Multnomah County v. Oregon Auto. Ins. Co.

Decision Date10 June 1970
Citation470 P.2d 147,256 Or. 24
CourtOregon Supreme Court

Charles S. Evans, Portland, argued the cause for appellant, On the briefs were George Van Hoomissen, Dist. Atty., Portland, and David S. Shannon, Deputy Dist. Atty., Portland.

George M. Joseph, Portland, argued the cause for respondent. With him on the brief were Morrison & Bailey, Portland.


HOLMAN, Justice.

This is an action by Multnomah County (County) against Oregon Automobile Insurance Company (Company) seeking recompense for a sum of money expended to satisfy a judgment. The County appealed from a judgment in favor of the Company.

One, Barendrecht, became an inmate of the Multnomah County jail. He was a diabetic. He subsequently commenced an action for damages because of the failure of the authorities at the jail to give him insulin. This action resulted in a judgment against the head jailer.

The County, in conformance with ORS 243.120, 1 had purchased a policy of liability insurance from the Company which protected employees of the sheriff's office from liability for causes of action arising out of the course of their employment. The County made a demand upon the Company to defend the action, and the Company refused. The County defended and satisfied the resultant judgment against the jailer pursuant to ORS 243.620, 2 and then brought this action against the Company as a subrogee of the jailer to recover the amount it had paid.

The sole issue in the appeal is whether or not the Company had coverage of the loss because of the following policy provision:

'Exceptions: The following exposures shall not be subject of insurance hereunder:

'* * *.

'(2) Injury, sickness, disease, death or destruction due to the rendering of or Failure to render any professional service.' (Emphasis ours.)

The Company contended that, under the circumstances then and there existing, its policy provided no coverage because the failure to administer insulin to Barendrecht was the failure to render a professional service. The trial court upheld the Company's contention.

The evidence in the present case consists principally of the transcript in the action in which Barendrecht secured his judgment. This transcript, as is usual, contains disputed testimony. The present case is a law case tried by the court without a jury. We are required to uphold the trial court's judgment in favor of the Company if there is sufficient evidence to sustain it. Therefore, all factual disputes in the transcript in the first case, concerning the circumstances under which Barendrecht was not given an injection of insulin, must be resolved in a manner most favorable to the Company's position, and the facts will be stated with that rule in mind.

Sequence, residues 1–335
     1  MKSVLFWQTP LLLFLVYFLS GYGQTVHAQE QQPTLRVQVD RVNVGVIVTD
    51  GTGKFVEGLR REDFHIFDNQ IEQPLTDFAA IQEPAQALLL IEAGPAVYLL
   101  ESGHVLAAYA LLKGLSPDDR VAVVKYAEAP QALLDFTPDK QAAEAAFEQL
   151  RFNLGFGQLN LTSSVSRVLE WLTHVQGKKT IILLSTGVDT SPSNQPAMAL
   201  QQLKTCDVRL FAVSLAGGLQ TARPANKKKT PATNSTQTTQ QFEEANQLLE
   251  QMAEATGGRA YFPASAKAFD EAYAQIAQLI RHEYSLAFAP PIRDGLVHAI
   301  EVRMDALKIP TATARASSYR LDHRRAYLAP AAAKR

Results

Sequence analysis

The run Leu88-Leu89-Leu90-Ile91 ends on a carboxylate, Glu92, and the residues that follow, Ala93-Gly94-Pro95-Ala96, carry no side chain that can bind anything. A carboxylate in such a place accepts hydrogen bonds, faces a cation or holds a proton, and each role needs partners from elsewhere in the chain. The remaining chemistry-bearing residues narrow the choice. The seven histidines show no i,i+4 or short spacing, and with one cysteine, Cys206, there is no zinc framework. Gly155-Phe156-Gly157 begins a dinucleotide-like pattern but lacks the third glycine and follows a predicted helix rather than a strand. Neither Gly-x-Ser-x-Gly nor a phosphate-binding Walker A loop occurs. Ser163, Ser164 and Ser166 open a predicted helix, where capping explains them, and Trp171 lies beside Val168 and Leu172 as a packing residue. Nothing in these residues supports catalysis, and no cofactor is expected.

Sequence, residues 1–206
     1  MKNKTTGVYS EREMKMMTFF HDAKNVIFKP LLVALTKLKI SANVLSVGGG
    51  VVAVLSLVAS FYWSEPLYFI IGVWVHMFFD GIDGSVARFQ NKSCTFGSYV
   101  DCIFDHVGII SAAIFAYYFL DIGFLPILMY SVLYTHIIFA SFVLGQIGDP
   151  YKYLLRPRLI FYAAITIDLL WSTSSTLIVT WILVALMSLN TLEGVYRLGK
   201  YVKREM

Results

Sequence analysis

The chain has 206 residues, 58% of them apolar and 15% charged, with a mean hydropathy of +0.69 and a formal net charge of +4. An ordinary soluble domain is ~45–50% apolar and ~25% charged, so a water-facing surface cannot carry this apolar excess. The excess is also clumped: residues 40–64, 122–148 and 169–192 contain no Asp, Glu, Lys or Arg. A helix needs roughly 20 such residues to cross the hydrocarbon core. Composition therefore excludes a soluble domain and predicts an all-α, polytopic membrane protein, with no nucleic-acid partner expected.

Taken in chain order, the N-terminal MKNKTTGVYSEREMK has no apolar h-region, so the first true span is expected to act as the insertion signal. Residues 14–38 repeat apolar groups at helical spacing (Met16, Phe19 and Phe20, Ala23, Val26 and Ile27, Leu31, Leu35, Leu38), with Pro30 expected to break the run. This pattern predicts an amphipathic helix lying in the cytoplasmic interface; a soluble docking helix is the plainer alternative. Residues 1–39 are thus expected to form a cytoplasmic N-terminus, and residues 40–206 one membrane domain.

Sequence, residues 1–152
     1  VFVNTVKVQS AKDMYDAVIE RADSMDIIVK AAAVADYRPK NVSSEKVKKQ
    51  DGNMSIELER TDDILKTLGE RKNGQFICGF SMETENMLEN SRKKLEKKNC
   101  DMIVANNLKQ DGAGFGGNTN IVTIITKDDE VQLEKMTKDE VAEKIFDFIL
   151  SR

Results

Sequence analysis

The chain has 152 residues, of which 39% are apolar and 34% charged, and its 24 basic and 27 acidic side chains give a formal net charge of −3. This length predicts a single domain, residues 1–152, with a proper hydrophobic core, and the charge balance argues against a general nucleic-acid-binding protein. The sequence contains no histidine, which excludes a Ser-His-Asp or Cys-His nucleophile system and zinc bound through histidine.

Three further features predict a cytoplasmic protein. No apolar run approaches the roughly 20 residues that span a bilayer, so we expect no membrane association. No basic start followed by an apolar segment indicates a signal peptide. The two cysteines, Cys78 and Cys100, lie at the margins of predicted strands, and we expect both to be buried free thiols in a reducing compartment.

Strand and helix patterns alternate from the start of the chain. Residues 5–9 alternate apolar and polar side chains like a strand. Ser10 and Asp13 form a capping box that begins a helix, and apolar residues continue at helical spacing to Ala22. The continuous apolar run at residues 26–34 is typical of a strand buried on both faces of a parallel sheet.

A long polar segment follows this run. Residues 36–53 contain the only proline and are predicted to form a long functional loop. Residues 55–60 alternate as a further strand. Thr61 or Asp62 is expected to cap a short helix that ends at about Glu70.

Barendrecht was taken into custody at about 3 p.m., and shortly thereafter was transported to the county jail at Rocky Butte. Upon his admission, he was interviewed by a medical technician who was attached to the jail. Barendrecht told the technician that he was a diabetic and that he took insulin at 7 a.m. and at 7 p.m. Barendrecht subsequently felt ill, at about dinner time, and told the technician that he was 'feeling real bad,' and that he wanted his injection of insulin. It was not given to him. Barendrecht subsequently was bailed from jail and released about 8 p.m. When removed from his cell, he fainted and was attended by the technician. He recovered consciousness and was administered aspirin. Barendrecht's wife came to the jail to pick him up and found him staggering around outside the jail in an incoherent condition. He was transported to a hospital at Dallas where he was found to be in a diabetic coma which was contributed to by a lack of insulin and a urinary infection.

The County first contends that the acts of a medical technician are those of a craftsman and not of a professional. It argues that the giving of a shot of insulin is something Barendrecht could have done for himself had the drug and the necessary equipment been furnished to him and, therefore, that it was not something which required professional skill.

A professional act or service is one arising out of a vocation, calling, occupation or employment involving specialized knowledge, labor, or skill, and the labor or skill involved is predominantly mental or intellectual rather than physical or manual. Marx v. Hartford Accident and Indemnity Company, 183 Neb. 12, 157 N.W.2d 870 (1968), and cases cited therein. If the ability to physically administer the insulin were the only consideration involved, the County's contention would be correct. However, it is our view that something more was required than the physical ability to administer the drug, and that something more was the ability to determine whether Barendrecht's physical condition was such that an injection of...

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    • U.S. Court of Appeals — Tenth Circuit
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    ...American Fellowship Mutual, Ins. Co. v. Insurance Co. of N. Am., 90 Mich.App. 633, 282 N.W.2d 425 (1979); Multnomah County v. Oregon Auto. Ins. Co., 256 Or. 24, 470 P.2d 147 (1970). Thus, as the district court noted, the term "professional services" is "directed to the acts of those engaged......
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